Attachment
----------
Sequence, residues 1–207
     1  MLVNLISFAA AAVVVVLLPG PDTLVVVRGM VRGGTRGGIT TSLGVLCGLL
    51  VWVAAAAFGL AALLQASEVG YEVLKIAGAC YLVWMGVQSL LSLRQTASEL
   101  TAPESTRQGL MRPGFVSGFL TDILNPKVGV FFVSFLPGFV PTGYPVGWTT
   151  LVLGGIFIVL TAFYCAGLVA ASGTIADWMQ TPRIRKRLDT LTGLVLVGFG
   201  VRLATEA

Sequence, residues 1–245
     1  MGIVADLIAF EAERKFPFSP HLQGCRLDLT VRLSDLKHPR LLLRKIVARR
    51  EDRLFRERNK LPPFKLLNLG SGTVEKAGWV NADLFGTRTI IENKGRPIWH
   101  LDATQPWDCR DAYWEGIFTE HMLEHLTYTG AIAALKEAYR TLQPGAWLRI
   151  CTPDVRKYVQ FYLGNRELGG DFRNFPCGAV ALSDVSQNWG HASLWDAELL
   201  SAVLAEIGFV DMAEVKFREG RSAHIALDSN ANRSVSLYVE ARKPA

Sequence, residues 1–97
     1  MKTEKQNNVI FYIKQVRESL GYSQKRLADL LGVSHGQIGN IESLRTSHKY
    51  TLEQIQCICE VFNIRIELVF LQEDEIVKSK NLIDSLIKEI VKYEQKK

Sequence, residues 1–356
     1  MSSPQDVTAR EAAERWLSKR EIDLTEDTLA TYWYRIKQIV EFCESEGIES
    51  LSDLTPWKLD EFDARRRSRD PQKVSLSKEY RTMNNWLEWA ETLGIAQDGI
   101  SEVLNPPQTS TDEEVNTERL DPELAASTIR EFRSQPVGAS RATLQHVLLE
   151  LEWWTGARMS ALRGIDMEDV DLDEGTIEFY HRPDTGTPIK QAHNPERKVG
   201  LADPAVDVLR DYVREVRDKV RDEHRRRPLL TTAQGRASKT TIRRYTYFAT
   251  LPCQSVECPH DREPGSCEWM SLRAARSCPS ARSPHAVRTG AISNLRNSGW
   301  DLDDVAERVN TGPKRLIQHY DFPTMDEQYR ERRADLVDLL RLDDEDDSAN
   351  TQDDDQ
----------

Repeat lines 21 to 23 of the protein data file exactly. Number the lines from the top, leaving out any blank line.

   201  LADPAVDVLR DYVREVRDKV RDEHRRRPLL TTAQGRASKT TIRRYTYFAT
   251  LPCQSVECPH DREPGSCEWM SLRAARSCPS ARSPHAVRTG AISNLRNSGW
   301  DLDDVAERVN TGPKRLIQHY DFPTMDEQYR ERRADLVDLL RLDDEDDSAN